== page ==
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Re: [BKARTS] PVA, internally plasticized



An issue which I don't believe has yet been mentioned in regard to the 
quality of PVAs is that of "plasticizers."   

While this information may be somewhat dated, it was the case that the PVAs 
sold by conservation suppliers were "internally plasticized," meaning that 
their flexible qualities were molecularly locked in.   

This is compared to non-internally plasticized PVAs which loose their 
flexibility over time, sometimes rather quickly.   An everyday example of this 
phenomenon, as described by the late Paul Banks, would be a plastic shower curtain,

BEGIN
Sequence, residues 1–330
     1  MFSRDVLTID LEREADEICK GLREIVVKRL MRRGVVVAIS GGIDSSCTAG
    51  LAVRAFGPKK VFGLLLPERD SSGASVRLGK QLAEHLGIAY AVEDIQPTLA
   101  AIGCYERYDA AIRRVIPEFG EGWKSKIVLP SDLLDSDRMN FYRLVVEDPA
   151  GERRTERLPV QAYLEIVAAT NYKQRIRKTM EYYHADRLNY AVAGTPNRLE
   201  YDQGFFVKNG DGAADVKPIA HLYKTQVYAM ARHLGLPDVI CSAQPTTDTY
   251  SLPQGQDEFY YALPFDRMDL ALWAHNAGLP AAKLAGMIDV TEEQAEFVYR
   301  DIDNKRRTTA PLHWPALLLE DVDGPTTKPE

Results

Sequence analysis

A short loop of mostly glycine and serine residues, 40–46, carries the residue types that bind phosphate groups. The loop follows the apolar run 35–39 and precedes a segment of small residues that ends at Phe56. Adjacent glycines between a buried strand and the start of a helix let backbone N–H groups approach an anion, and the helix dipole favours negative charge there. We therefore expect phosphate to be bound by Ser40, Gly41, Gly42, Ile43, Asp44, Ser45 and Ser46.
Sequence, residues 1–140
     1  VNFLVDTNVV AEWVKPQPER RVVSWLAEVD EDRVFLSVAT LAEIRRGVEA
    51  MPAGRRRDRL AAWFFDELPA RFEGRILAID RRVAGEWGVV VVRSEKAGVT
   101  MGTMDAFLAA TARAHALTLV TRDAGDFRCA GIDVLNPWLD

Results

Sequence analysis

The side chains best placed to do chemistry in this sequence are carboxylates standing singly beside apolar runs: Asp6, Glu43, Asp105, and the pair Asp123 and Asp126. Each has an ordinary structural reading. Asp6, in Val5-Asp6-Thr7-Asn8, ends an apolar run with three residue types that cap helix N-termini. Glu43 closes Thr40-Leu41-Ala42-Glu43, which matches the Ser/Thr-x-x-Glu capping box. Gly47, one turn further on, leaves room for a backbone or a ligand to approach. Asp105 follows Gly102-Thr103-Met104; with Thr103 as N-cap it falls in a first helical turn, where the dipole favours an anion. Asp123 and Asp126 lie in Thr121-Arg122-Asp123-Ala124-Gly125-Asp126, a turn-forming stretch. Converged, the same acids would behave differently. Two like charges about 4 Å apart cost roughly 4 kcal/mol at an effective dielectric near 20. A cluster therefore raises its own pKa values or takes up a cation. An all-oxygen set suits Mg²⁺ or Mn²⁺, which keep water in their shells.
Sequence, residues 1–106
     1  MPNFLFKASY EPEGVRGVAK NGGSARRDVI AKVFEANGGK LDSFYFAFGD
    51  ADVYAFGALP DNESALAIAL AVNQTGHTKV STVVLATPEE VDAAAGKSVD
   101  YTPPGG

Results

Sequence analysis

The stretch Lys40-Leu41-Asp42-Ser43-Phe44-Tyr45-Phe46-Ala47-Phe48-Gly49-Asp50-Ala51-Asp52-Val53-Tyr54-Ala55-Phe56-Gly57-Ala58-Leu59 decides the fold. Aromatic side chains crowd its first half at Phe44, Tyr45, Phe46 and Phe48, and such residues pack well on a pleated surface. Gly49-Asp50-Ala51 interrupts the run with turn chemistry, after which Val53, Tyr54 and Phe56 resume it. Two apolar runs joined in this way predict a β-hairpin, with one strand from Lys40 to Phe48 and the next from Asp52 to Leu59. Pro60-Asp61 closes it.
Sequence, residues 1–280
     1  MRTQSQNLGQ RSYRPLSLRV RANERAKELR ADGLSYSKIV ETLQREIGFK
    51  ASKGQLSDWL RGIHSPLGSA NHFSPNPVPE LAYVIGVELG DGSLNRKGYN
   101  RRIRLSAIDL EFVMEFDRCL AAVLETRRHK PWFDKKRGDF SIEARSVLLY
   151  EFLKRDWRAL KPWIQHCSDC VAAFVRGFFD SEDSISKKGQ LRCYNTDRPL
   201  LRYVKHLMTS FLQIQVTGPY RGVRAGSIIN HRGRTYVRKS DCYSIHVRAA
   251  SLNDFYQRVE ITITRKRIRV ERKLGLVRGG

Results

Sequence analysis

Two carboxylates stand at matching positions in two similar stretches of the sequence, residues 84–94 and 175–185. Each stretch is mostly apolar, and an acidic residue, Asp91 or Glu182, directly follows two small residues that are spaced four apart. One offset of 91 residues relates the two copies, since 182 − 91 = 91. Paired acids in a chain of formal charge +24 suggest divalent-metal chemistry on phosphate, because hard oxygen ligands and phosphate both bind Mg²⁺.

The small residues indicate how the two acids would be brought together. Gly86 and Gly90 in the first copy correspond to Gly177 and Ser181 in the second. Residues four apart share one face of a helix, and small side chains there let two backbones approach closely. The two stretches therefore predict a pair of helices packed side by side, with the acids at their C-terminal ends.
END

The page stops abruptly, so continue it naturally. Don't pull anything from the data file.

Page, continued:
completely flexible when purchased, but that over time, looses is flexibility 
and cracks as the non-internally plasticized components evaporate.   

This is especially important for adhesive bound books, but is certainly 
significant for sewn bindings when the use of PVA is appropriate.

The formulas of commercial adhesives may change without notice, but perhaps a 
current spec sheet or correspondence with the manufacturer may identify 
which, if any, adhesives they make are internally plasticized.   Formulas, 
themselves, are not usually provided.

Hope this is helpful.   I am interested in any updated information anyone may 
have one the subject.   Thanks.

Nancy
Elkins Park, PA

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